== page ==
Mr. DURBIN. Mr. President, I rise to speak about the problem of gun violence in America. Every day we lose over 30 men, women and children in violent shooting deaths. More than 11,000 Americans are murdered with guns each year. That is more deaths each year than all the American lives lost in the 9/11 attacks ..... and the Iraq war and the Afghanistan war combined. Every day provides some grim reminder of the toll of gun violence in our nation. And today marks yet another sad anniversary.
Five years ago today, on February 14, 2008, a gunman entered a lecture hall on the campus of Northern Illinois University in DeKalb. The gunman opened fire on the students gathered in the hall, taking the lives of five students and wounding 17 others. The five Illinoisans we lost that day were: Gayle Dubowski, 20 years old, from Carol Stream, who sang in her church choir and enjoyed working as a camp counselor; Catalina Garcia, of Cicero, age 20, who had a glowing smile and who hoped to be a teacher someday; Juliana Gehant, of Mendota, age 32, a veteran of the United States Army and Army Reserve who also dreamed of becoming a teacher; Ryanne Mace, of Carpentersville, only 19 years old, who aspired to work as a counselor so she could help others; and Daniel Parmenter, 20 years old, from Westchester, a rugby player and a gentle giant who died trying to shield his girlfriend from the shooter.
This day was devastating for the families of the victims, for the NIU community, and for our nation. We were heartbroken by the senseless murders of these young Americans who had hopes and dreams and bright futures. The Northern Illinois University community came together in response to the tragedy. They held each other close, and continued to move ``forward, together forward'' in the words of the Huskie fight song. But no family and no community should have to suffer like this. And those who were scarred by the shooting but survived will never forget that day and never fully heal from it.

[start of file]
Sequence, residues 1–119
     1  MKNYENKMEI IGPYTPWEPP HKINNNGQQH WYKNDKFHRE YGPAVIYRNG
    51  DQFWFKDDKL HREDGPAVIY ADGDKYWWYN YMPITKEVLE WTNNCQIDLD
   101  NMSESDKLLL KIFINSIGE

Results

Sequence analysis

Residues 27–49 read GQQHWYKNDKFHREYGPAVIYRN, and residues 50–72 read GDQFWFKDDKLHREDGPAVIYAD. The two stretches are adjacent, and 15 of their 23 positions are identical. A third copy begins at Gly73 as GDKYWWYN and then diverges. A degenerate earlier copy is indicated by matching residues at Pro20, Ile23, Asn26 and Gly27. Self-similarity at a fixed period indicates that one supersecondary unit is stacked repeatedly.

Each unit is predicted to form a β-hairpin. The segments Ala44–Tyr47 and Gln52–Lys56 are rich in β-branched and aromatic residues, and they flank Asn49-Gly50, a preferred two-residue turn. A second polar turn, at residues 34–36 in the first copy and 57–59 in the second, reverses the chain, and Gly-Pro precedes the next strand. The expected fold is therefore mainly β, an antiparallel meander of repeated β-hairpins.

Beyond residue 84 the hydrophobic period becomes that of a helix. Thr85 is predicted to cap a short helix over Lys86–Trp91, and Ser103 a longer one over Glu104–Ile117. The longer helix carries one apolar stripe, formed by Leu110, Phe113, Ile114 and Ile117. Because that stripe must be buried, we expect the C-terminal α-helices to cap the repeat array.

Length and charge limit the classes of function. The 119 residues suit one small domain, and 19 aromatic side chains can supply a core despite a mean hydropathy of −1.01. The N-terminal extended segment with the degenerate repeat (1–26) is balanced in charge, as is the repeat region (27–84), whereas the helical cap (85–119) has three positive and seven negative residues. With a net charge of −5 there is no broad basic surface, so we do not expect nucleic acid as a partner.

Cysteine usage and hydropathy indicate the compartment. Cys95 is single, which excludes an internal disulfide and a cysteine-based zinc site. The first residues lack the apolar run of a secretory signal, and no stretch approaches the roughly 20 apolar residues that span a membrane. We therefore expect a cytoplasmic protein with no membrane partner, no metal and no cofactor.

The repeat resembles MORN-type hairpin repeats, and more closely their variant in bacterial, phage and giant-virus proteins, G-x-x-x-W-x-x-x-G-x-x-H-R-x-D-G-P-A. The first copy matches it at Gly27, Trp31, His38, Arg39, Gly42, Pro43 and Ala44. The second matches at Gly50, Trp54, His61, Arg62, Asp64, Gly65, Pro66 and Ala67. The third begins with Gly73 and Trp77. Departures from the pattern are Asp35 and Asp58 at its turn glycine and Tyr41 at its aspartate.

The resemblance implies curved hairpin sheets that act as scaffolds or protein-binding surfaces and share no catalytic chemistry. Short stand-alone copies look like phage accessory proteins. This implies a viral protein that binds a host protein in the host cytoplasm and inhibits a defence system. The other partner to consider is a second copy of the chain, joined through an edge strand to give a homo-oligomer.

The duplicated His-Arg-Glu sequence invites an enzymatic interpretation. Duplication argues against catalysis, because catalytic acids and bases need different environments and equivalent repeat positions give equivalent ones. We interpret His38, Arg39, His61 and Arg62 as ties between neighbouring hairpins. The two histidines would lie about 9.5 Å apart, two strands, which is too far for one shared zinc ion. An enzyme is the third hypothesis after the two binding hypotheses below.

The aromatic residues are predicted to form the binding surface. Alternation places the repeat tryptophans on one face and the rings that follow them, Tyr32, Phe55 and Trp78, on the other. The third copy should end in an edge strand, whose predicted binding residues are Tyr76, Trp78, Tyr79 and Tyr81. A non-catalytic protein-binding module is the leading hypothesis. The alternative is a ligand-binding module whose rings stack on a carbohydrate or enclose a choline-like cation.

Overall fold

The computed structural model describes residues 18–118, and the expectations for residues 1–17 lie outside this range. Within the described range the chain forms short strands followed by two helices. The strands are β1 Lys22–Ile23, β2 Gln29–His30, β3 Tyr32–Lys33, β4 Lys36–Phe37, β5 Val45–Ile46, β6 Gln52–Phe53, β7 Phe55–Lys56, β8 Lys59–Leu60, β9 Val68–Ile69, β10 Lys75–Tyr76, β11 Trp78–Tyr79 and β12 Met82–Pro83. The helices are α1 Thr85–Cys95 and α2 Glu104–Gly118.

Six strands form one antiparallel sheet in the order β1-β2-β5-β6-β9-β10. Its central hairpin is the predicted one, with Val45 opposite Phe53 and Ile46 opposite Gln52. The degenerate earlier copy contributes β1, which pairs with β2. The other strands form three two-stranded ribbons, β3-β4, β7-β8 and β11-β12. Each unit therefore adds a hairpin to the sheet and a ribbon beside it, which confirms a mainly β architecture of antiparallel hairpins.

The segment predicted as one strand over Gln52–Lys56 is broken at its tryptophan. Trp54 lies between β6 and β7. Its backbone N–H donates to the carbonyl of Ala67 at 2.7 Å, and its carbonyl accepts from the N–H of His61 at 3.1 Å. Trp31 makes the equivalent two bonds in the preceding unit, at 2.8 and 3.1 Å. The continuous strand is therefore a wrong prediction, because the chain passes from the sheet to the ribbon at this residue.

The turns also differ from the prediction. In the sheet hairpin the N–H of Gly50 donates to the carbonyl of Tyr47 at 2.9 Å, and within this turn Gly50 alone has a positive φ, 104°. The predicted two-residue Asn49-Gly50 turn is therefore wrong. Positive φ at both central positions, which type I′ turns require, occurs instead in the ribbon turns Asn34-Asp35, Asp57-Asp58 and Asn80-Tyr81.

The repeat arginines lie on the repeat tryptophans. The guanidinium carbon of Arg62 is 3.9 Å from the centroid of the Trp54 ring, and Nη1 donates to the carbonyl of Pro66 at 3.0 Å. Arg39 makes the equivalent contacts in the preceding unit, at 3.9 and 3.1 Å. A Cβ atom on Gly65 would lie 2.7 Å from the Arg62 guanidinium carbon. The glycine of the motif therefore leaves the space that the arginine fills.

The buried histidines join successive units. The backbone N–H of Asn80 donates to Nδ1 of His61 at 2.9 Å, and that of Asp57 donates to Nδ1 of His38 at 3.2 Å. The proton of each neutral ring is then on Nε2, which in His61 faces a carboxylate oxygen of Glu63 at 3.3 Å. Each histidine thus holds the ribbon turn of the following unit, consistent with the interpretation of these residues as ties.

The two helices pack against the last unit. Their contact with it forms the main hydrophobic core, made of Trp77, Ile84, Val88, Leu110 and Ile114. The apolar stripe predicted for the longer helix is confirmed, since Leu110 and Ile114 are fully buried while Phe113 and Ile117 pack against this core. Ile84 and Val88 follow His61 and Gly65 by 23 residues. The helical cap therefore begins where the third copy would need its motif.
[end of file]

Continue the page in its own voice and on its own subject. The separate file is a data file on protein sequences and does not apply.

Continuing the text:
There are things that we can do to move forward together on this issue of gun violence. Just the other day I received an email from Patrick Korellis, of Gurnee, IL, who was in the NIU lecture hall on that day 5 years ago. He was shot in the head but survived. Patrick wrote me because he believes Congress needs to act to prevent and reduce gun violence. He wrote in support of the proposals that the President has put forward and that we will soon consider in the Senate Judiciary Committee. These proposals will not stop every shooting in America. But they will stop many of them. And lives will be saved if we can move forward and put them into effect.
We know what we need to do. Earlier this week I chaired a hearing in the Subcommittee on the Constitution, Civil Rights and Human Rights to discuss ways we can protect our communities from gun violence while respecting the Second Amendment. We discussed a number of common sense proposals. First, we need to have a system of universal background checks for all gun sales. This idea is a no-brainer. Universal background checks will ensure that those who are prohibited by law from buying a gun, like felons, fugitives, and the mentally ill, cannot get one from a private seller at a gun show or over the Internet. Universal background checks are not controversial. In fact, the idea is supported by 74 percent of the members of the NRA, according to a poll conducted last year by Republican pollster Frank Luntz.